By Alin K. Gregorian
BELMONT, Mass. — Filmmaker Dr. Carla Garapedian is hopeful that the new agreement on the digitization of the archives of the late Dr. J. Michael Hagopian by the University of Southern California Shoah Foundation Institute will preserve the interviews captured by Hagopian in perpetuity.
During a talk at the National Association for Armenian Studies and Research (NAASR), Garapedian explained how the Armenian Film Foundation, which was founded by Hagopian, and on whose board she serves, is collaborating with the Shoah Foundation to preserve the 400 survivor testimonies that Hagopian recorded.
The Shoah Foundation Institute, now part of the USC Dana and David Dornsife College of Letters, Arts and Sciences, will digitize the Armenian oral histories, making that collection one of the largest of Holocaust and Genocide testimonials. The aim is to add similar testimonials from other countries, including Cambodia and Rwanda.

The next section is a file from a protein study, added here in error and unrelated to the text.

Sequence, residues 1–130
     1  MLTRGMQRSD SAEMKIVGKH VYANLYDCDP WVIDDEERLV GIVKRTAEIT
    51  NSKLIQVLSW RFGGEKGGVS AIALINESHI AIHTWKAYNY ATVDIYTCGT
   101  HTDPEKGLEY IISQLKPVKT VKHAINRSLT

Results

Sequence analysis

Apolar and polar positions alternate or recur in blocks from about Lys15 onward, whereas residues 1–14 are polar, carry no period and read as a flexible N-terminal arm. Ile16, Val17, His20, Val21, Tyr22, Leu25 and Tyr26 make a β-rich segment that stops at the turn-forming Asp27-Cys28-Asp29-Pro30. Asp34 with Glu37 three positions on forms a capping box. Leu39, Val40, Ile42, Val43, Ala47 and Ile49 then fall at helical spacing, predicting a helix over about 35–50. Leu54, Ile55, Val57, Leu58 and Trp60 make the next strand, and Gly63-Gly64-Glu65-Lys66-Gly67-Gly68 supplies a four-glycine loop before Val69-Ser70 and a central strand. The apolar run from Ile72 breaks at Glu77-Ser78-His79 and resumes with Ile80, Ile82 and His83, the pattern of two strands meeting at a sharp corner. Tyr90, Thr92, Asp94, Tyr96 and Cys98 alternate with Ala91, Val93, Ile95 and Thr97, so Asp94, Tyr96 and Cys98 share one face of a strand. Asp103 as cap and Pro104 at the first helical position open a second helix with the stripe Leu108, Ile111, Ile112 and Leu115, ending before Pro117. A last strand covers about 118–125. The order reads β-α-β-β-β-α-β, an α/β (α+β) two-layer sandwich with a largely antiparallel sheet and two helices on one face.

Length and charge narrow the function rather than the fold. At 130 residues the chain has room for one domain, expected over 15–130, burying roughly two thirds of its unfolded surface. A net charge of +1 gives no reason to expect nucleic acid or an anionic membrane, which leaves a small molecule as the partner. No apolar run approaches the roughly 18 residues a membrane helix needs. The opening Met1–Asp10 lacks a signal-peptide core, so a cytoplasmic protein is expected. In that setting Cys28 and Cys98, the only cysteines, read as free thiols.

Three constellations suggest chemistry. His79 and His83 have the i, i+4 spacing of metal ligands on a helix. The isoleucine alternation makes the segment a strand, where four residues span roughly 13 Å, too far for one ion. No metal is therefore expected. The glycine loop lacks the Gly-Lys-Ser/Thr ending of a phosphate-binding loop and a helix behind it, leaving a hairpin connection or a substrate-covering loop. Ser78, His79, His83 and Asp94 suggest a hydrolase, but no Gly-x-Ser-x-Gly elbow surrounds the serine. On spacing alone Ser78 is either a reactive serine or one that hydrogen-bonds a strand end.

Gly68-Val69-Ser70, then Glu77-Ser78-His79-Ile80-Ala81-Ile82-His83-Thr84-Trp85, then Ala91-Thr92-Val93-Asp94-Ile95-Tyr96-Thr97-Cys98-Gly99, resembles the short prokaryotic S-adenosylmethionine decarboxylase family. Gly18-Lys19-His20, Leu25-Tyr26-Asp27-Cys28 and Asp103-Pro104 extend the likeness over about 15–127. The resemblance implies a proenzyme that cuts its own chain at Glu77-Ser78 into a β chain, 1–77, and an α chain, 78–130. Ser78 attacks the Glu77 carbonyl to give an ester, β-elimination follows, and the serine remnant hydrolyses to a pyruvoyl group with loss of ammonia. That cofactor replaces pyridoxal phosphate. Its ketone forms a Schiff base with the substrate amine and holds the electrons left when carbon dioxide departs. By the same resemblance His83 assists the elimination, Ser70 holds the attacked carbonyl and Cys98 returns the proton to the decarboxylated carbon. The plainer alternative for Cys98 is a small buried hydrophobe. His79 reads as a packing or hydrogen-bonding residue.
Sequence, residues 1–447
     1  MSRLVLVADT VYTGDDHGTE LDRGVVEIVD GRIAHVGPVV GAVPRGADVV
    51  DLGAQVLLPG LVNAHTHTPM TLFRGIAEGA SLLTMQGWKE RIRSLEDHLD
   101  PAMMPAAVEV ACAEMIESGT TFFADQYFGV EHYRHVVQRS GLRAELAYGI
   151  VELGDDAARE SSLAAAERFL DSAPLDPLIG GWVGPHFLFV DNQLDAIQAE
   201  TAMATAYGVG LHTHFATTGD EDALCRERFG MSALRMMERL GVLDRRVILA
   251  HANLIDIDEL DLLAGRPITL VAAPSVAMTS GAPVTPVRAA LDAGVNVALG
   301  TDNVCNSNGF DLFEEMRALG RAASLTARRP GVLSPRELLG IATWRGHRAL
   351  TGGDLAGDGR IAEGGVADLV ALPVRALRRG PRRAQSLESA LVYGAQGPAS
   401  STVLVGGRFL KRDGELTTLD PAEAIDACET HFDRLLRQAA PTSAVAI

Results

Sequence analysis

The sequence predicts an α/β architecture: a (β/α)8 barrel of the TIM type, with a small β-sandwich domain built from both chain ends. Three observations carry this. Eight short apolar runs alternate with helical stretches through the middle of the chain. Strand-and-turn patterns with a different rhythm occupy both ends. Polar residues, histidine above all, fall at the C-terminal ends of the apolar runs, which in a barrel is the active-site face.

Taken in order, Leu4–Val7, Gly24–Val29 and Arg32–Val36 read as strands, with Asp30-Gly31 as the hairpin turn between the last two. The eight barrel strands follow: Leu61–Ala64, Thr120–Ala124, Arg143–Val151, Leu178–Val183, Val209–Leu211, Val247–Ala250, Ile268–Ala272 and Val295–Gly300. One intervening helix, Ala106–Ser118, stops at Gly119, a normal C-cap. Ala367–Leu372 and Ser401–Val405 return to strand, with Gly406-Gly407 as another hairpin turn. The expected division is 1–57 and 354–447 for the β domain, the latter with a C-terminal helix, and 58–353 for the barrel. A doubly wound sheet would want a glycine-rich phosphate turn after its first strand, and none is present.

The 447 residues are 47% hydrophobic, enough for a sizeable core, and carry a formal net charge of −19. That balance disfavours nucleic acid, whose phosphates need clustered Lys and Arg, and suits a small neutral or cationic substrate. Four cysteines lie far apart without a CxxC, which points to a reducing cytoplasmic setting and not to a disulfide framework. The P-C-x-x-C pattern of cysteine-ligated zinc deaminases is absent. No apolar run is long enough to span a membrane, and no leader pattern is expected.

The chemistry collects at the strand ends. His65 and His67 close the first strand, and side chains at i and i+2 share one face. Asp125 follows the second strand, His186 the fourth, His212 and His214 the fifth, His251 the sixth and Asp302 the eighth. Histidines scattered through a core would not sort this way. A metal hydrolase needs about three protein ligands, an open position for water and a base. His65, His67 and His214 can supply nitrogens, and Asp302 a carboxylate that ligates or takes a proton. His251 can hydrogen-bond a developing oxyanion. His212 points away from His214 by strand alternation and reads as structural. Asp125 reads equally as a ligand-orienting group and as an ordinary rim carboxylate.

Basically, the Armenian collection will be shared with Shoah, “without losing ownership.”
Garapedian spoke about the Shoah Foundation, which was started by director Steven Spielberg after he completed the movie, “Schindler’s List,” about the horrors of the Holocaust (incidentally with a screenplay by Steve Zaillian). “A number of survivors contacted him and said ‘get my story,’” Garapedian said.
The foundation’s aim is to record as many oral histories of Holocaust survivors as possible, much like what Hagopian started with the Armenians. There are currently 52,000 testimonials on film. The interviews were originally kept in Spielberg’s office on the Universal Studios lot, but then he started to worry about properly housing them so that they do not deteriorate. As a result, he started working with USC.